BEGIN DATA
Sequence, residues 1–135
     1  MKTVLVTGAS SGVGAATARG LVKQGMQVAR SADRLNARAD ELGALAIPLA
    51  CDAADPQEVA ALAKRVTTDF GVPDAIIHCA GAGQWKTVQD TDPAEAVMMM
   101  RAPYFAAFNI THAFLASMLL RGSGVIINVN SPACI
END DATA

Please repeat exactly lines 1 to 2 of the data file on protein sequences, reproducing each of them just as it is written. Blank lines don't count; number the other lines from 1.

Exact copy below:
Sequence, residues 1–135
     1  MKTVLVTGAS SGVGAATARG LVKQGMQVAR SADRLNARAD ELGALAIPLA